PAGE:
“None of My Children Saw 10 Years!” This was the response from Jennifer Neville-Lake when Marco Muzzo was sentenced to 10 years in prison after killing her three children and their grandfather, and injuring two others last September. The now 29-year old had three times the legal limit of alcohol in his system at the time of the crash in Vaughn and pleaded guilty in February.
The defence was recommending an 8-year sentence while the prosecution asked for 12 years. Superior Court Justice Michelle Fuerst chose the middle ground; 10 years for the deaths and 5 years for causing the injuries, to be served concurrently. Muzzo will also be banned from driving for 12 years when he’s released.
This story has been trending in traditional and social media since the crash and court case began. Understandable. As is Neville-Lake’s heart-wrenching response after the sentencing hearing. While a decade behind bars was expected, she, like everyone else following this case, was hoping for a ground-breaking precedent-setting case. It didn’t happen nearly to the extent that was possible despite Judge Fuerst’s comment that, “Every drunk driver is a potential killer.”
The National Post reported that the sentence is one of the harshest for impaired driving causing death and is intended to prevent others from drinking and driving. “By going over the defence request for eight years, and siding closely with the Crown’s request of 10 to 12 years, it also reflects the intense public outrage at the image of a callous, privileged young man stumbling drunk out of a private jet onto Ontario’s roads. By exceeding it, Judge Fuerst has raised the bar and set a powerful precedent, which may yet be reviewed on appeal. But as she herself acknowledged, justice is elusive, because nothing can repair the damage he did.” 1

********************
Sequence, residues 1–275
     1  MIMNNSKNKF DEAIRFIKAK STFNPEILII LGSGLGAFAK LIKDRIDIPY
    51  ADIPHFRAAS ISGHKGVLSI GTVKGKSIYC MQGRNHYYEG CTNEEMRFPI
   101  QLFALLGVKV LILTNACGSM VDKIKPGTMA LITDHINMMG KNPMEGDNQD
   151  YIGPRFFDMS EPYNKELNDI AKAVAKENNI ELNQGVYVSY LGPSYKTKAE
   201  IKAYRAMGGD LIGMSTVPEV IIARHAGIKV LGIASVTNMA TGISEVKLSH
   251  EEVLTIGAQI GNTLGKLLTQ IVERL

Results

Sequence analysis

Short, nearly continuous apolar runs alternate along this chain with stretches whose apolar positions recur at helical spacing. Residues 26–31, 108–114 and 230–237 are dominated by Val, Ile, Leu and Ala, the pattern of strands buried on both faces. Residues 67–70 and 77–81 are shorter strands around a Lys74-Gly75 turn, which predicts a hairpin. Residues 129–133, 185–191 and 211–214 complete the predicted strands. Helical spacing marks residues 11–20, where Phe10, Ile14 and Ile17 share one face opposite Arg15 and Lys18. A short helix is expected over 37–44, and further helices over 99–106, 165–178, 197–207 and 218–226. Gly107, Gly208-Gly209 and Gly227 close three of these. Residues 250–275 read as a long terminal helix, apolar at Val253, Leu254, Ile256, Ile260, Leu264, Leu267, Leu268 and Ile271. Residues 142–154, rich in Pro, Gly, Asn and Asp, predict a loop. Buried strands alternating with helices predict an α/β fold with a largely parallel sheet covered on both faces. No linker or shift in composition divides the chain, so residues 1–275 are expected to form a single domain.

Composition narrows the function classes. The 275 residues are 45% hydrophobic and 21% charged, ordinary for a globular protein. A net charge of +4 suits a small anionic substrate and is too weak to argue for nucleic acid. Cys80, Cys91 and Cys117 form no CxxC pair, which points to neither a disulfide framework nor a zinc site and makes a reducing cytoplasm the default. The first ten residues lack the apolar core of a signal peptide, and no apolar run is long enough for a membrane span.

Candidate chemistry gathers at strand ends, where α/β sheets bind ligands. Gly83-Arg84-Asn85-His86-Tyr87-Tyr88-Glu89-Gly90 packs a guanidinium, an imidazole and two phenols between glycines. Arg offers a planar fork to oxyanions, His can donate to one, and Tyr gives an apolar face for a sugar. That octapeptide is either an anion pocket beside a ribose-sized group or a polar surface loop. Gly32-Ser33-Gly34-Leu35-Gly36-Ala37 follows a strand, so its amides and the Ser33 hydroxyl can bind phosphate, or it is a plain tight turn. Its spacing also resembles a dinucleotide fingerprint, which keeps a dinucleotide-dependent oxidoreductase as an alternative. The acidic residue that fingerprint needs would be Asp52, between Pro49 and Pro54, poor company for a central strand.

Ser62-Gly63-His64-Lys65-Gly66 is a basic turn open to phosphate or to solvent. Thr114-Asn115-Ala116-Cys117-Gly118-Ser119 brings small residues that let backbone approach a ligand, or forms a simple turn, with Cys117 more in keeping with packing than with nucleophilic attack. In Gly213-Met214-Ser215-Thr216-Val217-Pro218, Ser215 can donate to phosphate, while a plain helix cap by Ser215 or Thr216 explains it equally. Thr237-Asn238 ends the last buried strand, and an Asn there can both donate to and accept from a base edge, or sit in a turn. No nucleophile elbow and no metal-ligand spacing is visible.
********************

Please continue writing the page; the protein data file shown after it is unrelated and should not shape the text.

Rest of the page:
The ‘damage’ was and continues to be devastating for this family. Siblings, Daniel Neville-Lake (9), Harrison (5), and Milagros (2), and their grandfather, Gary Neville (65) were killed. The grandmother, Neriza Neville, and great-grandmother, Josephina Frias, survived the crash. “In one fell swoop, he decimated an entire generation of the Neville-Lake family, its legacy and its future,” said Fuerst. This case has striking similarities to a crash on Highway 38 near Harrowsmith on November 22, 1998. Kevin Scott, with twice the legal limit of alcohol in his system at the time of the accident, killed four people, including 3 children, and injured two others. Christopher Kilminster (26), his sons, Christopher (5), Bradley (4), and their cousin, Jamie Lee Rattray (14) died. Kilminster’s wife and two-year-old son survived.
Scott, an unlicensed driver of a stolen car, pleaded guilty to four counts of impaired driving and two counts of impaired driving causing bodily harm. He was sentenced to 7.5 years, and was freed 5 years later after serving two-thirds of the sentence.
18 years have passed between the Scott case and the Muzzo – and notably, the sentencing for this type of crime hasn’t changed very much.
Drinking and then getting behind the wheel continues to be commonplace in Ontario. The OPP locally reports that an Easter weekend crackdown on seatbelt use resulted in 10 people being charged with impaired driving. Toronto area media report that York Police arrested 13 impaired drivers and Durham Regional Police laid 10 impaired driving charges over the long weekend.
Tougher penalties are called for, in my view.